Long Beach school leaders address concerns about drivers passing - WLOX.com - The News for South Mississippi

Long Beach school leaders address concerns about drivers passing school buses

Long Beach buses transport about 1,800 students to and from school every day.  Since classes started more than a month ago, bus drivers have encountered cars going around stopped school buses. (Photo source: WLOX) Long Beach buses transport about 1,800 students to and from school every day.  Since classes started more than a month ago, bus drivers have encountered cars going around stopped school buses. (Photo source: WLOX)
Nathan's Law recently created harsher punishments in Mississippi for people who ignore the bus signals. Those who break the law could face stiff penalties, from fines to possible jail time. (Photo source: WLOX) Nathan's Law recently created harsher punishments in Mississippi for people who ignore the bus signals. Those who break the law could face stiff penalties, from fines to possible jail time. (Photo source: WLOX)
LONG BEACH, MS (WLOX) -

The Long Beach School District is trying to put the brakes on drivers who are putting children's lives in danger. The district's transportation director says too many drivers are illegally passing stopped school buses. So the district is taking action, even filing charges against the alleged violators.

Long Beach buses transport about 1,800 students to and from school every day.  Since classes started more than a month ago, bus drivers have encountered cars going around stopped school buses.

"I'm very concerned. As the director of transportation, as a parent myself, the last thing I would want to see is one of our students to be injured on the roads involved in a school bus loading," said Long Beach Schools Transportation Director Russ Badeaux.

Another Long Beach parent, and teacher, Ashley Ragon is also worried.

"I have a child on the bus and he is eight years old and he rides the bus home. Our street is very busy, and so if he is getting off the bus and someone's not paying attention, it's a concern," said Ragon.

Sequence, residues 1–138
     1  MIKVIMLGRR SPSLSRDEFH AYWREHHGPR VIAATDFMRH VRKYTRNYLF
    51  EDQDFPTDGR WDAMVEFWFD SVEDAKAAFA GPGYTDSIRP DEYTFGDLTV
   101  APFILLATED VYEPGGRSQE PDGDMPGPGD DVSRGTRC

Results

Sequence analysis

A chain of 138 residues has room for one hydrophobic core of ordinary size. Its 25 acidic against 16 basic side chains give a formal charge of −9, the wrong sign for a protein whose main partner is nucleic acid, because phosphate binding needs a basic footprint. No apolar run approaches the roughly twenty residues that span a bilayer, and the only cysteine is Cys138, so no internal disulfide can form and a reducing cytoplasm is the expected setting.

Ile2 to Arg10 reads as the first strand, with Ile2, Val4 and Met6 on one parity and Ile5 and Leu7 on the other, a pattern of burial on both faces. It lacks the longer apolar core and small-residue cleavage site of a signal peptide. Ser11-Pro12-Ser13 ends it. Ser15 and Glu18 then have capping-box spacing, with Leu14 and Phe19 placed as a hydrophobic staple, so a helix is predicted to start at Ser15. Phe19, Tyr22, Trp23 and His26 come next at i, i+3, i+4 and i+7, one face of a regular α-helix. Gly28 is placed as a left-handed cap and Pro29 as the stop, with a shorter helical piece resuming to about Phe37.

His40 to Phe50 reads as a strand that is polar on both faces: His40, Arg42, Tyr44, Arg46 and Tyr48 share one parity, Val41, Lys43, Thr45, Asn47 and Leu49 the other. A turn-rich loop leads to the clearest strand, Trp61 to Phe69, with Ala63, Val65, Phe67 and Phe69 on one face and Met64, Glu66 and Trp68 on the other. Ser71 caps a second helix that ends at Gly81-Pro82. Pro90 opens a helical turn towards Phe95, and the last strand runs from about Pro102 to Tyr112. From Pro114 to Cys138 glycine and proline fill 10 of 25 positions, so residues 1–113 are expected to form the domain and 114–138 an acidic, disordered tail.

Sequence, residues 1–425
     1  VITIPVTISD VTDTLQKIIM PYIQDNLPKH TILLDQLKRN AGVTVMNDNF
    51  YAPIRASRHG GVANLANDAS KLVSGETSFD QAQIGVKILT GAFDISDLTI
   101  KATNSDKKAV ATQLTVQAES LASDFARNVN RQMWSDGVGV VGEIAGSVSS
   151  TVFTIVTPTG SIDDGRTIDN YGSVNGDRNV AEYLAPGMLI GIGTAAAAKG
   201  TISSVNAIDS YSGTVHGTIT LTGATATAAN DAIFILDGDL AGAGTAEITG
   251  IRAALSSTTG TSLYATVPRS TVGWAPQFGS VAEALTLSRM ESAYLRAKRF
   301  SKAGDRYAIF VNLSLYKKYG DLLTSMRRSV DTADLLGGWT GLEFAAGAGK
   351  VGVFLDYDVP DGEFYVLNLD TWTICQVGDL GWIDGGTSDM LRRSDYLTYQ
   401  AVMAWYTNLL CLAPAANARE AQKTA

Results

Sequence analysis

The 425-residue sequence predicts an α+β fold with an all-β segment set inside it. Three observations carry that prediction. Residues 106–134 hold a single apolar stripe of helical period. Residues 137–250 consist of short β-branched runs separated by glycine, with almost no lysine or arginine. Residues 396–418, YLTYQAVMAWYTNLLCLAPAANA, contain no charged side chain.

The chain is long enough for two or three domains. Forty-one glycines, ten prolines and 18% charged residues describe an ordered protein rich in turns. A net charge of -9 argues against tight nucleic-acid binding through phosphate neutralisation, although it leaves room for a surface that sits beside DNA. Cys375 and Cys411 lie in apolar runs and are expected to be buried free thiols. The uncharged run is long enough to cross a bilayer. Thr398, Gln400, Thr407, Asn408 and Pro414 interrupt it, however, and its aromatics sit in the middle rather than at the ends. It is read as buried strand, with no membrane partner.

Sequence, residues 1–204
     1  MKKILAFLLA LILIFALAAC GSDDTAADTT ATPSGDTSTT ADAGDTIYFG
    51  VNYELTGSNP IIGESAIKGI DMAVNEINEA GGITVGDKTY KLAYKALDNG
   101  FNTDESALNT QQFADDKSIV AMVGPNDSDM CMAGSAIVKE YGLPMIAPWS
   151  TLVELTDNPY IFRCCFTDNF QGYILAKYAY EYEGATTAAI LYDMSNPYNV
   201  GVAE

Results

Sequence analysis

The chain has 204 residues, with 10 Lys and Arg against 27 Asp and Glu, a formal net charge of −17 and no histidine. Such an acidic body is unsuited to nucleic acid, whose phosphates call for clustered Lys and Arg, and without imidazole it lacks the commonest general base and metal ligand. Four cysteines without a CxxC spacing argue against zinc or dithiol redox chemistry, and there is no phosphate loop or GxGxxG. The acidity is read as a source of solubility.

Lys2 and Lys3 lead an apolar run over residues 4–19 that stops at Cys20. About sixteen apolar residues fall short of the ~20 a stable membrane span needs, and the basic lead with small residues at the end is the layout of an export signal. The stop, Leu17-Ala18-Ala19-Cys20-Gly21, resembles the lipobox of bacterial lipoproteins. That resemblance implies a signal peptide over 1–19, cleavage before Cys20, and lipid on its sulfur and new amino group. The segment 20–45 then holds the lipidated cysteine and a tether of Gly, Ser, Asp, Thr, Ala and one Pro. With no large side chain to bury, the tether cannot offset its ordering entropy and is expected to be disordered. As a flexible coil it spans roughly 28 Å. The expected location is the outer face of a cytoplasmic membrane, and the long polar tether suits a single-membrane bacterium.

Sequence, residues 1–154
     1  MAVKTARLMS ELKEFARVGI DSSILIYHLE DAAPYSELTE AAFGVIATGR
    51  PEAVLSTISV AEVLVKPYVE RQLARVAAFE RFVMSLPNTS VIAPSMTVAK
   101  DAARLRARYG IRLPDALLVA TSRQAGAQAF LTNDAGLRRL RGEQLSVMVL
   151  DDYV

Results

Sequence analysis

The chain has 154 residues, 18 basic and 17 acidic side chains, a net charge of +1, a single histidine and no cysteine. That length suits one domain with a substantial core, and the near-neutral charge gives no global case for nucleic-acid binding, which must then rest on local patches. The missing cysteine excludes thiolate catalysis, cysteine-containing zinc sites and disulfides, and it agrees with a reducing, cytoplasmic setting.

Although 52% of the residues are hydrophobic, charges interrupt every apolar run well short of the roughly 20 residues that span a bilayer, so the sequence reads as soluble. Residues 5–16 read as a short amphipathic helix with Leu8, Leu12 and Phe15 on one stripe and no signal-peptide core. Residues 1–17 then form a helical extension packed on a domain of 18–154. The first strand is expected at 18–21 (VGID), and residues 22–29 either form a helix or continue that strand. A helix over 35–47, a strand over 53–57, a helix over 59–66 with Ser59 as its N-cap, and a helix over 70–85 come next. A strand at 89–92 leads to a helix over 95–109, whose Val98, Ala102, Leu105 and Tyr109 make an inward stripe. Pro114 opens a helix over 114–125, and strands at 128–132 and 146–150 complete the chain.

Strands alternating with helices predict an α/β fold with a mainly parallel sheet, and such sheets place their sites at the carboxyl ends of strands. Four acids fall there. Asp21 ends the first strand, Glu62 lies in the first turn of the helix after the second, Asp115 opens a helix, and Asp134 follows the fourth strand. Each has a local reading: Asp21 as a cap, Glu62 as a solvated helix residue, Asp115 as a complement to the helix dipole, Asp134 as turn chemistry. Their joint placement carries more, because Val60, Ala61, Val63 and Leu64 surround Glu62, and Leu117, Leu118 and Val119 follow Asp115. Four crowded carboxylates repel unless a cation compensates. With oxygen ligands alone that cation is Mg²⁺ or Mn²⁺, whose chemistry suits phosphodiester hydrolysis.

Ragon said she has witnessed several close calls when drivers ignore the flashing yellow lights, extended bar, and stop signs on the buses.

"I mean, they're going to hit a child and it's scary, and people are not paying attention as they should," said Ragon.

So bus drivers are being more vigilant by writing down the tags of vehicles that fail to stop when school buses are dropping off or picking up children.

"We actually have two pending cases where we pressed charges. We're not out to try to catch people breaking the law. But when it comes to breaking the law that endangers the children of this community, it's very serious and we take it seriously," said Badeaux.

The district will also meet with all the teachers to ask them to help spread the safety message.

"The law's there for a reason. It's there to protect whether we like them or not or whatever. It's the safety of our children that makes the difference," said Ragon.

Badeaux urged drivers to understand Nathan's Law in Mississippi, which created harsher punishments for people who ignore the bus signals. Those who break the law could face stiff penalties, from fines to possible jail time.  

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